El Ministerio del Tiempo – Season 1, Episodes 1-4

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Alright, alright — all you people who have heard my love of Timeless keep telling me to watch El Ministerio del Tiempo aka The Ministry of Time, the Spanish show with the similar concept — time travel to multiple eras in history. El Ministerio predates Timeless (it premiered in 2015) and was no doubt inspiration; the basic concept is three people from different time periods (2015, 1880, and the 1560s-ish) are recruited by the secret Spanish government agency el Ministerio del Tiempo to travel through time to “fix” history.

The ministry was set up during the reign of Isabella of Castile, when a Jewish rabbi gave the queen a book showing her the many (literal) doors that exist between various time periods. I’m a little confused as to why the ministry exists — there’s at least one modern rogue agent going back in time and messing things up, and unofficial/unknown time doors that naughty people can go through and again, mess up time. The ministry is staffed by people from all time periods, but they all go home to sleep each night, which confuses me – the show emphasizes that spending one day in 2015 will mean one day has past in “your” period, so does that mean that the door to, for example, August 1, 1980 will then be August 2, 1980 the next day? Anyway. These are things I think about.

There’s some great humor to the show. The ministry is a real ministry, with budget cuts and grumbling workers (“We should just go back to the 16th century if they’re going to keep cutting our healthcare” type bitching). The 2015 character scoffs at the idea of Spain, of all countries, having invented time travel. Velazquez works there as a sketch artist, among other things; he spends his free time (getting in trouble for) writing letters to editors complaining about the shitty restoration work being done on his paintings and studying Picasso; and while we haven’t seen it yet, there’s references to a costume department and hairdresser, which made me very happy.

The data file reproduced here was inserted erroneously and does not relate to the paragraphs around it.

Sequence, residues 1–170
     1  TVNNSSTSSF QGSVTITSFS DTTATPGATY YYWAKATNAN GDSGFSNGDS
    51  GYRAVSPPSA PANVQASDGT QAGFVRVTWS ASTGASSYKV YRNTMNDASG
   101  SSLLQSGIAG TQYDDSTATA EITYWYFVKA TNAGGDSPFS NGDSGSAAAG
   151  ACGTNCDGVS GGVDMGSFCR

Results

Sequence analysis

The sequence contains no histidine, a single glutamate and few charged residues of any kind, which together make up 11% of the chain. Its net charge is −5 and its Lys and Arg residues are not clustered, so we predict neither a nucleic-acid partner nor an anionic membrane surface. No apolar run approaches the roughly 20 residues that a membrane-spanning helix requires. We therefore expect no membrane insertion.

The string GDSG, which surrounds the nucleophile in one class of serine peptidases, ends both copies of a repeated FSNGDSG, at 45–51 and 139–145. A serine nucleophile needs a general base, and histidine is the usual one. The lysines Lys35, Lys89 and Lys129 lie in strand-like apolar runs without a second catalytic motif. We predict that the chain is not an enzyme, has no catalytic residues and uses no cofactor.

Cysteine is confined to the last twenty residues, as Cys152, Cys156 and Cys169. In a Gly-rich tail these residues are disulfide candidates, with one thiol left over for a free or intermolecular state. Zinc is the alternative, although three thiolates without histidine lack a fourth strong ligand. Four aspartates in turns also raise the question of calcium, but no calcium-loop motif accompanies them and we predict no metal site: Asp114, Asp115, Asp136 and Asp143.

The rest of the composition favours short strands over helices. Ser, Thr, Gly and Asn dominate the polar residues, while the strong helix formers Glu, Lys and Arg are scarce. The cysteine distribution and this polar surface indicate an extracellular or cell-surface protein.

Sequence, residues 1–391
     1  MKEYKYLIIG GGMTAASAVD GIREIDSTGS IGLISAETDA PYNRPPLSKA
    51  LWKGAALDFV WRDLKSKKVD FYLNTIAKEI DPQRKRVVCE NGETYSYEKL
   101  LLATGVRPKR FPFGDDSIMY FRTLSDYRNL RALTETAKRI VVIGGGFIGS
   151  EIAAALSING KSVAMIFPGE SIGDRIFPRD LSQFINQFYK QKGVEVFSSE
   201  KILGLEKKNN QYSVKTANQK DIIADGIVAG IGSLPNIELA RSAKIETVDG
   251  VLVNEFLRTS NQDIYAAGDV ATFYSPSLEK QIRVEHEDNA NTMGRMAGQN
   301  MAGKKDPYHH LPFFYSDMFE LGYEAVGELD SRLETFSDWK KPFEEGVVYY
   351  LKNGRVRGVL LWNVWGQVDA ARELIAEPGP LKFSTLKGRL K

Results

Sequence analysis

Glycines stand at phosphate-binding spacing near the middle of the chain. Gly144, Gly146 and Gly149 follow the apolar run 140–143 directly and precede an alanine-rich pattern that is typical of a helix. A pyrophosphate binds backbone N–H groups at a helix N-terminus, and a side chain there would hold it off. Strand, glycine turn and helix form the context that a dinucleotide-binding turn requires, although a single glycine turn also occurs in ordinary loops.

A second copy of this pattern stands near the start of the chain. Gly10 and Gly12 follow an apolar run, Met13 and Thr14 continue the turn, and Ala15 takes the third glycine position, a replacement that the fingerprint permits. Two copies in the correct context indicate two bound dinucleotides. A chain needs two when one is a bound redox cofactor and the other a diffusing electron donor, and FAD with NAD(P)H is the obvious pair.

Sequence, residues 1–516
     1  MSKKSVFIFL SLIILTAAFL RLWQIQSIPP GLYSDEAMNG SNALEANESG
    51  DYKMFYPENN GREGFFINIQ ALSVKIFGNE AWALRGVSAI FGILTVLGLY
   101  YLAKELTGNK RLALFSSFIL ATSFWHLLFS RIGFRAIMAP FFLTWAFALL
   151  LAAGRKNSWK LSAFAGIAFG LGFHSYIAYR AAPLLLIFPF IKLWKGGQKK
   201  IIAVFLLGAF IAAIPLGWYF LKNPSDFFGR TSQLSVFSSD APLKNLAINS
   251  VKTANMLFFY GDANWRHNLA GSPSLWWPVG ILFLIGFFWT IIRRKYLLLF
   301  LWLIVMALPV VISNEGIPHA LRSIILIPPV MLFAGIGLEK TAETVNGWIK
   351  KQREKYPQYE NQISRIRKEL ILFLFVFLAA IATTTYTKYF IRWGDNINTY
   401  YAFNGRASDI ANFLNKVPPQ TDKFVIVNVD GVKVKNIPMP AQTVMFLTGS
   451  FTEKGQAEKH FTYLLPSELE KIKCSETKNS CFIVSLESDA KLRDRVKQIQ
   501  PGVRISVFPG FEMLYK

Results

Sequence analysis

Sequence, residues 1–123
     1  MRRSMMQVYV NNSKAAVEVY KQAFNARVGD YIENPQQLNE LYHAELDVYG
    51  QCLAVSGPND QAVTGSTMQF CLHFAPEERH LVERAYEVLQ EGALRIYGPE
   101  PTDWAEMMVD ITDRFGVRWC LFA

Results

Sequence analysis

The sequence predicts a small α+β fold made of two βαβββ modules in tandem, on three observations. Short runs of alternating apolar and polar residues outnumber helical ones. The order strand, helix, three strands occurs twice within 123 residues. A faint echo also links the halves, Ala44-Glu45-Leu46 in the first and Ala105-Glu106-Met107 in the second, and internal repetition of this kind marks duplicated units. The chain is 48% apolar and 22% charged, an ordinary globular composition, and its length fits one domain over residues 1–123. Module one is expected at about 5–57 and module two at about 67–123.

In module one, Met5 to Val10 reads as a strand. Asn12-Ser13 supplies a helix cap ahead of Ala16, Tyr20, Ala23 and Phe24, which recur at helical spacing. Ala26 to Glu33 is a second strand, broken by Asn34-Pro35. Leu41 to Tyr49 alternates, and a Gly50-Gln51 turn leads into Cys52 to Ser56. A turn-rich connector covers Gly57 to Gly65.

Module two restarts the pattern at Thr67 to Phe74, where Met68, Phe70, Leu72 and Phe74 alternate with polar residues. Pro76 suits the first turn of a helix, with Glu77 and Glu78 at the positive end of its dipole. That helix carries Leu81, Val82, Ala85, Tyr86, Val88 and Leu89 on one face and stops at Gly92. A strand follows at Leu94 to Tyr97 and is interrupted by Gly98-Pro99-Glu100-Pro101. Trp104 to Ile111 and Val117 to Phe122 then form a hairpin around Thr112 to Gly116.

El ministerio del tiempo season 1 2015

Julián, seeing the drawing of the suspects by a sketch artist: It’s them. It’s exactly them. He is very good. Salvador: How could the fucker not be good? He is Velázquez.

Our main characters are Julián, modern EMT mourning the recent death of his wife; Amelia, Spain’s first female university student (from 1880); and Alonso, played by the hilariously named Nacho Fresneda, a soldier from the late 16th century. I already have a crush on both boys.

So now, let’s take a look at the historical costumes in the four episodes I’ve watched so far. You may know already that I have questions, many of them hair-related.

Episode 1: 1880

Long-time ministry worker Irene (blonde) goes to 1880 to recruit Amelia:

El ministerio del tiempo season 1 2015

First of all, the red dress has a weird neckline.

El ministerio del tiempo season 1 2015

Secondly, I’m glad Irene decided to blend in by making sure her smokey eye was on fleek.

El ministerio del tiempo season 1 2015

Thirdly, wtf with Amelia’s hair. I have literally spent all four episodes staring at its unfortunateness.

Portrait photograph of the Princess of Wales (1844-1925), later Queen Alexandra, c. 1880, Royal Collection

I feel like someone looked at late 1870s/early 1880s hairstyles and assumed that ALL those curls on top of the head were short, bang-length curls. Portrait photograph of the Princess of Wales (1844-1925), later Queen Alexandra, c. 1880, Royal Collection

Princess Louise, Marchioness of Lorne, 1887, Royal Collection

Instead of what I think they are, the front portion being short, the back just being long hair styled into curls and poufed up. Princess Louise, Marchioness of Lorne, 1887, Royal Collection